After our shower test, it was clear to us that the Perimeter Pant...
After our shower test, it was clear to us that the Perimeter Pant had the best DWR coating of any pant, and also absorbed the least amount of water, leading to our recognition as the Top Pick for Wet Weather.


While we only had minor complaints with the performance of the features found on the Perimeter Pant, the fact is that it is a far more simple design than most we tested and ended up with a low score here.

This pant has two front hand-warmer pockets that are a bit smaller and tighter than nearly every other hiking pant. It also has two rear pockets that suited us just fine. Lastly, similar to the design of the Quandary Pant, there is a single, recessed zippered pocket high on the right thigh, plenty big enough for carrying a smartphone. It has a simple and effective snap-button front waist enclosure, and a front zipper, that much like the Prana Stretch Zion, we thought could have been slightly longer. But besides these few features, there is not a whole lot to this pair.

The only feature to be found on the Perimeter pant is this recessed...
The only feature to be found on the Perimeter pant is this recessed zippered pocket on the right thigh, that we found to be big enough for a phone and even a peanut butter and jelly sandwich.

Best Applications

Since we have recognized them as our Top Pick for Wet Weather, we think that the Perimeter Pant is an ideal choice for those who know that they will get wet. As a result of their limited ventilation, we think they are more comfortable for cool weather than warm. While they are a solid hiking pant, we found them to be a bit techy and not as comfortable as we would want for wearing around town or traveling in.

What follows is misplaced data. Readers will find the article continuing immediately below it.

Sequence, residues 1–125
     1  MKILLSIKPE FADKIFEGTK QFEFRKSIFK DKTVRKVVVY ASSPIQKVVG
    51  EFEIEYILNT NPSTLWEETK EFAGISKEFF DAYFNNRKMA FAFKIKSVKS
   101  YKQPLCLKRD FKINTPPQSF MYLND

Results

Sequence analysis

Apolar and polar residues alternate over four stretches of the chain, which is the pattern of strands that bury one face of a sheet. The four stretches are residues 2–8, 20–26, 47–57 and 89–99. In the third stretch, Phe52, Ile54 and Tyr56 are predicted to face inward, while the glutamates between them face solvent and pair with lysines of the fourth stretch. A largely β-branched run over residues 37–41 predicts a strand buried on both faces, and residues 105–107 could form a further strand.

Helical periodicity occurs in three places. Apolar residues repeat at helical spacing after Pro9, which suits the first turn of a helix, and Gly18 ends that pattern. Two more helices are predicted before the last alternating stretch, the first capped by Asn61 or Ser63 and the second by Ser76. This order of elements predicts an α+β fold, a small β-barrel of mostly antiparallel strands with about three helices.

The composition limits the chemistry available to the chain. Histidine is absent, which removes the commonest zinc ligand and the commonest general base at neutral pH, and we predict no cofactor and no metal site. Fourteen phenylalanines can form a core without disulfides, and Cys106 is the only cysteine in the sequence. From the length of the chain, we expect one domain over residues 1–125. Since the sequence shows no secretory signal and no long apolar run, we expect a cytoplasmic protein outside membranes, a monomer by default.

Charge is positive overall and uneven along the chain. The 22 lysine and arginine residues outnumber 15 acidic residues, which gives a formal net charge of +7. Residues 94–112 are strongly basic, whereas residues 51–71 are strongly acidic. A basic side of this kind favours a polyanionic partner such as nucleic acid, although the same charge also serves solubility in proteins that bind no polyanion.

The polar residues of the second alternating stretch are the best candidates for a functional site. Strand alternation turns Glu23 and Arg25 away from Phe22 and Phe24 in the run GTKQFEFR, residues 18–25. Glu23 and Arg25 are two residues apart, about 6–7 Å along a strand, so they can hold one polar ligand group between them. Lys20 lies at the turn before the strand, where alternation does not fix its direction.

Trying to warm up by the fire on a chilly and windy night camping...
Trying to warm up by the fire on a chilly and windy night camping. The Perimeter pant is an optimal choice for rainy weather or wet climates, and we think it is better for cooler weather than during summer.


These pants retail for $119, making them the second most expensive pants in our review. While we think they are of high quality, they are probably only a good value if you need them for wet weather. Otherwise, there are many hiking pants that not only scored higher in our overall ratings but cost less as well.

During a time of low water, checking out the rock at the bottom of...
During a time of low water, checking out the rock at the bottom of the Uncompahgre river gorge near Ouray, CO.


The Arc'teryx Perimeter Pant wins our Top Pick for Wet Weather because they have by far the most effective DWR coating of any that we have tested. Hikers who live in a particularly wet climate or have an adventure planned in an area known for its precipitation would do well to start their search here. For others, we would first recommend a pant that we found to be more comfortable and more affordable.

The Perimeter Pant on a hike through the pinions and junipers of...
The Perimeter Pant on a hike through the pinions and junipers of central Oregon.

Andy Wellman